There are a few trouble spots on the horizon, such as the fact that I have yet to get a response regarding my student loans repayment assistance application, but there was a massive SNAFU simply because I wrote the wrong date on the application. Instead of 1 Dec 2010, I put 30 Nov 2010. This was too early, and I was told this when the deadline had almost run out. Furthermore, there was a mark on my application for permanent disability, so it had to be reviewed in Ottawa, and I was told if there was any further documentation needed then I would be notified accordingly. The only issue with that is I thought the permanent disability application was discarded because I failed to produce a doctor's note stating my situation.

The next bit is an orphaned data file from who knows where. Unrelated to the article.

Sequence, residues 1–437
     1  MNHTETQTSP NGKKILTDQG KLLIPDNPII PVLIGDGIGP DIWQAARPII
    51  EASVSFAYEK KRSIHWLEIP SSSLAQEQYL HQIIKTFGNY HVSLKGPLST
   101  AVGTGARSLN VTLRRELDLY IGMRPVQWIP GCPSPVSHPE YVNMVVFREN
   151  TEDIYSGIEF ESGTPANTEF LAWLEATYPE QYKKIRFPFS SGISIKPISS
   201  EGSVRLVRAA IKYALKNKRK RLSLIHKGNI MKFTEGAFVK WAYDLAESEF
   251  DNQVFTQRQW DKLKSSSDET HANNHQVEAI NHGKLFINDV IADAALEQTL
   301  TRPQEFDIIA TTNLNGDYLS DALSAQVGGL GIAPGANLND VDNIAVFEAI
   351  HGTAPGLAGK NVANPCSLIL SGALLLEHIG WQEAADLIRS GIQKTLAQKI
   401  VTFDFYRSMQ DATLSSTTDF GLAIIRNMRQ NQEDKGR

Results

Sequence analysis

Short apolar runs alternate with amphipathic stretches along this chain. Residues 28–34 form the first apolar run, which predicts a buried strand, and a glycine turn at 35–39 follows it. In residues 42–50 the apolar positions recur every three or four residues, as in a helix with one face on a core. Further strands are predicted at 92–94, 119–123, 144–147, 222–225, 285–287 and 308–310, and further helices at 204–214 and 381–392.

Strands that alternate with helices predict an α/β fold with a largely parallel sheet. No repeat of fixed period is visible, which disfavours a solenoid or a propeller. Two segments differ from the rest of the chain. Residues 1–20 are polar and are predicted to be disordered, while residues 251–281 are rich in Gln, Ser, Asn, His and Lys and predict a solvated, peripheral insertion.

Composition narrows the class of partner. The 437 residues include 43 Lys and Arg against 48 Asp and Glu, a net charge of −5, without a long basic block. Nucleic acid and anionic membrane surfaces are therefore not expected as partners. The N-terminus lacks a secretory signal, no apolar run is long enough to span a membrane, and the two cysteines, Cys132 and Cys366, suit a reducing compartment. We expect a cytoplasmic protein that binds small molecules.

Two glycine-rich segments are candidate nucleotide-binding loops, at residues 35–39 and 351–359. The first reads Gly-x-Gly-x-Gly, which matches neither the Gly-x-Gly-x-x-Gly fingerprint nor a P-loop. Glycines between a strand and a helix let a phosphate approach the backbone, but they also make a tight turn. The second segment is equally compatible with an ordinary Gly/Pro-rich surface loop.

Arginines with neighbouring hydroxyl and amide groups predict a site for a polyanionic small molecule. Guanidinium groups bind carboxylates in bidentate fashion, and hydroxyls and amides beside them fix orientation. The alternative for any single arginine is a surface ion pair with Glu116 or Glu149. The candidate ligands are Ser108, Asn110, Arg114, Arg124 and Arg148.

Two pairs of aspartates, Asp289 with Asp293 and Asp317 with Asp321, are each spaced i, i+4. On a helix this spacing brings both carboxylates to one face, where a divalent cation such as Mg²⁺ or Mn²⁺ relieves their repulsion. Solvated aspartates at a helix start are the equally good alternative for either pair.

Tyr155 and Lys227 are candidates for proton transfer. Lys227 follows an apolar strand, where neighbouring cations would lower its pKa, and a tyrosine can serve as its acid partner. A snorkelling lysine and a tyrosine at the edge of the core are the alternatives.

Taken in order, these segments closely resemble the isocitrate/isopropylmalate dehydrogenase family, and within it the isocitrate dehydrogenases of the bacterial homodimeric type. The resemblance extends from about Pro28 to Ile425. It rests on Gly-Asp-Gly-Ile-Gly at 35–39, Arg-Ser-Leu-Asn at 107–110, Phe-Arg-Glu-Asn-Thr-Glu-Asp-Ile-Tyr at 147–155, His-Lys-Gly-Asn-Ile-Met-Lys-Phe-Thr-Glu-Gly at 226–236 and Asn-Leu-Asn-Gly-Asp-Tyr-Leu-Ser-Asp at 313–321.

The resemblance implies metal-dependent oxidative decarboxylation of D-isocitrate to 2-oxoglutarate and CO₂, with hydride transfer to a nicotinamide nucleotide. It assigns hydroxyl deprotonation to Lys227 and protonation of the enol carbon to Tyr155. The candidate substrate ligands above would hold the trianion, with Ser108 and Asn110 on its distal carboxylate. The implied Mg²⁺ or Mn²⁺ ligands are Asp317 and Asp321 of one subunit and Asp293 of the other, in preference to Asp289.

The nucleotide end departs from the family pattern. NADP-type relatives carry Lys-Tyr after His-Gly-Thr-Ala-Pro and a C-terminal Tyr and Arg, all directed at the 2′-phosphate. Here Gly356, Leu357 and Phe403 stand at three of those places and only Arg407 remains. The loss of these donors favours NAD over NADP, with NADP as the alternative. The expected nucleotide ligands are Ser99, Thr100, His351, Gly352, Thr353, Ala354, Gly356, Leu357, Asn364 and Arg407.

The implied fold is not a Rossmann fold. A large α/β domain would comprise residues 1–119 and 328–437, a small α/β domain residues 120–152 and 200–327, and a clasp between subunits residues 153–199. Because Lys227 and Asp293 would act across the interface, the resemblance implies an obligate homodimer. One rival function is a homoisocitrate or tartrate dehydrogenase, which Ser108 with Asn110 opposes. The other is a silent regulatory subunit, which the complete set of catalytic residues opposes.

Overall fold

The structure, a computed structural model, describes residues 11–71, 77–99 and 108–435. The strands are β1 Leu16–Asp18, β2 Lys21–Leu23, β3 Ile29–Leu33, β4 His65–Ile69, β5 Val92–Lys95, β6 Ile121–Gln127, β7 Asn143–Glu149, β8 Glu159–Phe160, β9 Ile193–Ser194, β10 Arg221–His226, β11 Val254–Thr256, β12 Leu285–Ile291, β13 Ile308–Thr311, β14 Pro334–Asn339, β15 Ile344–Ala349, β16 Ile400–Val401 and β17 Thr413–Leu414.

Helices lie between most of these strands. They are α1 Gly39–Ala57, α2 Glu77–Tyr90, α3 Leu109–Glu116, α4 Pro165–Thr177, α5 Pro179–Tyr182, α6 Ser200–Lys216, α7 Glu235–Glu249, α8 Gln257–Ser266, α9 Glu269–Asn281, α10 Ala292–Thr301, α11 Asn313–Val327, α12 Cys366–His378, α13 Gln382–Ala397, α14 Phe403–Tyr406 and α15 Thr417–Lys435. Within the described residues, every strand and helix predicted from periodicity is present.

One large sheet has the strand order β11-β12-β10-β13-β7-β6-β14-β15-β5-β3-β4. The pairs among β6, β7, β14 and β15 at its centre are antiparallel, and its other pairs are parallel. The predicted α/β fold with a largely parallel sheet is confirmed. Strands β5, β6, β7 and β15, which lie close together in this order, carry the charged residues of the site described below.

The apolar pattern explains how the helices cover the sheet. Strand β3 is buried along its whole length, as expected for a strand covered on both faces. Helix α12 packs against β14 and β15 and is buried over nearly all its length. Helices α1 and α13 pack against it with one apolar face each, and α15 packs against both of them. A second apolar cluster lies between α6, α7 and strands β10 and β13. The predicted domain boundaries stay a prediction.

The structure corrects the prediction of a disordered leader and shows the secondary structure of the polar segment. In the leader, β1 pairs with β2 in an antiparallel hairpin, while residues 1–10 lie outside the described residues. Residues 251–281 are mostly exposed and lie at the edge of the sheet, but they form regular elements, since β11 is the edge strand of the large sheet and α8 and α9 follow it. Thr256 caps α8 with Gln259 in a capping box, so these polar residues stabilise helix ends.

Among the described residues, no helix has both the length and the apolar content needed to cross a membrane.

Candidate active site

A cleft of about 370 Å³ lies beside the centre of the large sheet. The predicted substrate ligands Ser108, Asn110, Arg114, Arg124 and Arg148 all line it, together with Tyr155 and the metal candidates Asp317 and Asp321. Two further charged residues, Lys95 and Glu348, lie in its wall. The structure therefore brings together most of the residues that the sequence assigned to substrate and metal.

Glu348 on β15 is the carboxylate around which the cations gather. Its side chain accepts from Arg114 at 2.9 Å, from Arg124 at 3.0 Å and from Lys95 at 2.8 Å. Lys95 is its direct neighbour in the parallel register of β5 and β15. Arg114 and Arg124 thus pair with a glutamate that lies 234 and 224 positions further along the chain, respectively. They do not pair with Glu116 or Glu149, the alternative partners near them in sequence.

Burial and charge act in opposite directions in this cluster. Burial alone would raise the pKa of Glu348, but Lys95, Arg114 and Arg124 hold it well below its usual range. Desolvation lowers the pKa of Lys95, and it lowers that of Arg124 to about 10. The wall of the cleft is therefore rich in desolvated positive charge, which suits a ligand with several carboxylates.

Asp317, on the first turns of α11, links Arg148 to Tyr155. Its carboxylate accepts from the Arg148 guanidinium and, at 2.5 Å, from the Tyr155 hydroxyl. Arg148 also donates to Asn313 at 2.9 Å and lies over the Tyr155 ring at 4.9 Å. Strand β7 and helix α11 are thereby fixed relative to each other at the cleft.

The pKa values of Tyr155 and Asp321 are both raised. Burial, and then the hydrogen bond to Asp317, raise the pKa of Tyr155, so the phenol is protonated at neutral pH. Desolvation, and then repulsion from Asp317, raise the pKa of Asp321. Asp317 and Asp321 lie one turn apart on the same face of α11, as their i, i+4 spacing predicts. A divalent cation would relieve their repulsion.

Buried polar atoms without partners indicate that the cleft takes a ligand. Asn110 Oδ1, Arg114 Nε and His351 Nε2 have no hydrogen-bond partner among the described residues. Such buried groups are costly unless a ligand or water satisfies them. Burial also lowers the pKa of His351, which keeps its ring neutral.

In any case, it's been nearly two months since I put in my application, and both the National Student Loans and Alberta Student Loan people are starting to breathe down my neck. The other day I got a letter printed on green paper reminding me that payment is due. Every time I get one of those notifications, I call in and they tell me not to worry, because the application is still being processed.

I wish I could just get rid of that debt, but I brought it upon myself, and I'll have to get out of it myself.

However, our new apartment has been working quite well for us. It's smaller than what we're used to, and we're still searching through stuff and sending clothes to Goodwill, but this has been a long time coming. Even when we were moving in, there were a number of things that we threw out. There was a shirt that I inherited from Chris that was too big and had more than a few holes. Caitlin threw it out while I was incapacitated. Eh, I have lots more shirts, so I don't think I'll miss that one!